Coronado brings home big trophies
March was a triumphant month for Coronado High School, as student teams from three different disciplines - engineering, food service and music - came home with
the big trophies from major competitions.
Engineering: Cougars Gone Wired, the school's first-time robotics team, defeated 47 schools (in-cluding 5 from California and 2 from Kansas) to become regional champions in the robotics competition by the Colorado FIRST organization March 26-28 at Denver University. The victory qualifies the Westside school for the championship event in Atlanta, Ga., April 16-18 against regional winning schools from around the country and from Europe and Israel.
FIRST (For Inspiration and Recognition of Science and Technology) is sponsored through partnerships with businesses, educational institutions and government.
Cougars Gone Wired also won the Website award, the Autodesk animation award and the Rookie All-Star award.
Engineering teacher Bryce McLean credited the students for their hard work - 28 hours a week, per person, outside of class time, for six weeks straight. “I saw these students get so much education working on this robot,” he said. Broken up into teams, corporation-style, the students built the robot, set up the website, created the animation and handled management and financial issues. “As adults, we just stayed out of their way,” McLean said.
All schools made their robots from a standard kit of parts over a six-week span. Units had be maneuverable enough to place different sizes and shapes of balls into trailers towed by opponent robots.
Cougars Gone Wired students are Tim Burgie, Matt Butcher, David Dickson, Jon Dickson, Alexander Geber, Kyle Hensley, Charlie Howard, Jenna Humble, Eric James, Leah Jaron, Peter Jaron, Andrew Joynton, Antonio Kaufman, Jasmine Kemble, Wes Lauer, Terrence Lupo, Jory Maggard, Maximilian Malone, Tim Murphy, Fred Nace, Phil Royalty, Garrett Seeman, Chris Sherwood, Brooke Sieck, Joey Vaupel, Scott Von Thun, Erik Williams and Andre Young.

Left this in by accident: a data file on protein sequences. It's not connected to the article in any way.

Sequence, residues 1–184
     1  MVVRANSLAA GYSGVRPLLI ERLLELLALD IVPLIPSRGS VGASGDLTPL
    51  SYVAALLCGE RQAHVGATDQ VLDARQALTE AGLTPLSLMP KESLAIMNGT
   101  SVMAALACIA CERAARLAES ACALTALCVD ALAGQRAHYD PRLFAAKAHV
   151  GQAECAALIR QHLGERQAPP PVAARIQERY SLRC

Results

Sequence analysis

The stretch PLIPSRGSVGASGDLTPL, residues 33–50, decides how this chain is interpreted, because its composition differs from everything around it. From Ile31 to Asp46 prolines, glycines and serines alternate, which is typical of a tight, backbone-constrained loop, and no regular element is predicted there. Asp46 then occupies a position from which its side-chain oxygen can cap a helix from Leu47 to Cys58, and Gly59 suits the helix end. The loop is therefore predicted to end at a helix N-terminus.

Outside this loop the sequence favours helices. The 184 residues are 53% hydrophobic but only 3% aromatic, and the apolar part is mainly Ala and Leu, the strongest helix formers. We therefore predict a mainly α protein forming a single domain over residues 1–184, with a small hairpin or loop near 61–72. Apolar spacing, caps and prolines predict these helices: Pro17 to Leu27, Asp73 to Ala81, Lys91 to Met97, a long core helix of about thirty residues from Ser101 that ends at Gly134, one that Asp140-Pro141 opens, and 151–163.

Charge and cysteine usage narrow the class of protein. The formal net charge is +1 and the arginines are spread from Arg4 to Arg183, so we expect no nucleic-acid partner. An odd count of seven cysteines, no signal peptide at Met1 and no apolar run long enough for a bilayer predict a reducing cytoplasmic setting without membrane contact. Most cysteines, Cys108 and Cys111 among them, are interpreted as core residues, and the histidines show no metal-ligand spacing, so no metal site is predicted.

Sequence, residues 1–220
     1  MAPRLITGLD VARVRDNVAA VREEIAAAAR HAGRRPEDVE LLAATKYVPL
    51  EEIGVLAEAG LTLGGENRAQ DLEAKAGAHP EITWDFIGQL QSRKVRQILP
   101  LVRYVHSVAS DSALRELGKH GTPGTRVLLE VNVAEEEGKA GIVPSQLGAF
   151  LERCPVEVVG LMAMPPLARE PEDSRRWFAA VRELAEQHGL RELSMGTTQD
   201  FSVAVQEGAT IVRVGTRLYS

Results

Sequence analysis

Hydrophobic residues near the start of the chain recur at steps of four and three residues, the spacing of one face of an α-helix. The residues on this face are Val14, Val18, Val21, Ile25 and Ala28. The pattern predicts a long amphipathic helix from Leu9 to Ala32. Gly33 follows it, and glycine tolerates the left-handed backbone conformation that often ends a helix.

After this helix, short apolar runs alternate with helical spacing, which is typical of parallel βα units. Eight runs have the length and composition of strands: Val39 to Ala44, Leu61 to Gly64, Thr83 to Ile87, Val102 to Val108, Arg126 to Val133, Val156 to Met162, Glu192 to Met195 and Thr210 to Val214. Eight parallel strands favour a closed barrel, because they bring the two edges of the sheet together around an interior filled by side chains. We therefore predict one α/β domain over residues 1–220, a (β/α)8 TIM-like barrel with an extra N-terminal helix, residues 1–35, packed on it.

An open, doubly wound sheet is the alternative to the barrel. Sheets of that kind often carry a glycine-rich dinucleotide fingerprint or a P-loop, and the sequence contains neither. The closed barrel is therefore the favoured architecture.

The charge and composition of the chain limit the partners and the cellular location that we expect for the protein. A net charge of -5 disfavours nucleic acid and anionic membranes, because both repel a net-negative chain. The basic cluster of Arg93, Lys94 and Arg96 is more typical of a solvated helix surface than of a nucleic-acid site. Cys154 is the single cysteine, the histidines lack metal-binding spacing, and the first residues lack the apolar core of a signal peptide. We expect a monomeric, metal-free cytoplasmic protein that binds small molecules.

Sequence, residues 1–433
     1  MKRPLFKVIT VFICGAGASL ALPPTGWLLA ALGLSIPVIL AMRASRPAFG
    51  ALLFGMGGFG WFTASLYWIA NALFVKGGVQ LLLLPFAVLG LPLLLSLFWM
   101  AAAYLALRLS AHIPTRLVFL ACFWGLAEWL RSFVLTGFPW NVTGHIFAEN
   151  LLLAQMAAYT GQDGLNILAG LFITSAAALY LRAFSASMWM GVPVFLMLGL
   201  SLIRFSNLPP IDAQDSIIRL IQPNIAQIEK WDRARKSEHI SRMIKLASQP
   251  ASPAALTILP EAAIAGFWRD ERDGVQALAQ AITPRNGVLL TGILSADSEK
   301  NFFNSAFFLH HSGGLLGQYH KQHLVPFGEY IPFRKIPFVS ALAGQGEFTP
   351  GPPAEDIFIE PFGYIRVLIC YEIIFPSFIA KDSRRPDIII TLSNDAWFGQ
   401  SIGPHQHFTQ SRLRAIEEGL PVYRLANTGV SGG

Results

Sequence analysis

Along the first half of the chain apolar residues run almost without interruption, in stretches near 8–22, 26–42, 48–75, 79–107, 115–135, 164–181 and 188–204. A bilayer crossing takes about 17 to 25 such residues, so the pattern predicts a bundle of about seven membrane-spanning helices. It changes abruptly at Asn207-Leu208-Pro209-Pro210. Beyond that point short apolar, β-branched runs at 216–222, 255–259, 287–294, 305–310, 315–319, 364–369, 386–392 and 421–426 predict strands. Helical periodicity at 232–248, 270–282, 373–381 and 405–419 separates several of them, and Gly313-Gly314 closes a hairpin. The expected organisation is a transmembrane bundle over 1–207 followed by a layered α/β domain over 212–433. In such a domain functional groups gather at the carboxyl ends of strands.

Food service: In her final year at Coronado High School, retiring Family & Consumer Science teacher Leona Lindvall made her swan song a good one by leading her students to their third ProStart state championship in four years March 17 at Denver's downtown Hyatt Hotel. It was also the second year in a row for Coronado, making it the first school to repeat in the event's eight-year history (keeping the event's traveling trophy) and also first to achieve three out of four.
“I just had some really good kids,” said Lindvall, who has taught at Coronado for 13 years. “We work pretty hard at it.”
Supported by the food industry, ProStart is a competition that combines culinary and food-service management skills. Coronado's win resulted from the cumulative points in taking second in management (barely missing a repeat of last year's win) and sixth in cooking.
The four-member culinary team was judged on the results of cooking a full meal (appetizers, entrée and dessert) using only two butane burners in an hour, while the four-member management team had to address complex issues that can arise in running a food-service operation.
Music: Competing against high schools from several states during spring break in the annual Heritage Music Festival in Anaheim, Calif., Coronado High's Chamber Orchestra, Wind Ensemble and Jazz Band #1 took first places in their respective categories.
In addition, the Chamber Orchestra and Wind Ensemble received the Adjudicators Awards for best orchestra and best band, which also gave them the Sweepstakes Awards for being the highest scoring instrumental groups overall at the festival.
Individual solo awards went to Miles Roth and Josh Brewer (Jazz Band), with Brewer also receiving the Concert Master Award for outstanding musicianship (Orchestra).
Coronado's musicians are led by band director Alan Combs and orchestsra director Mindi Loewen.
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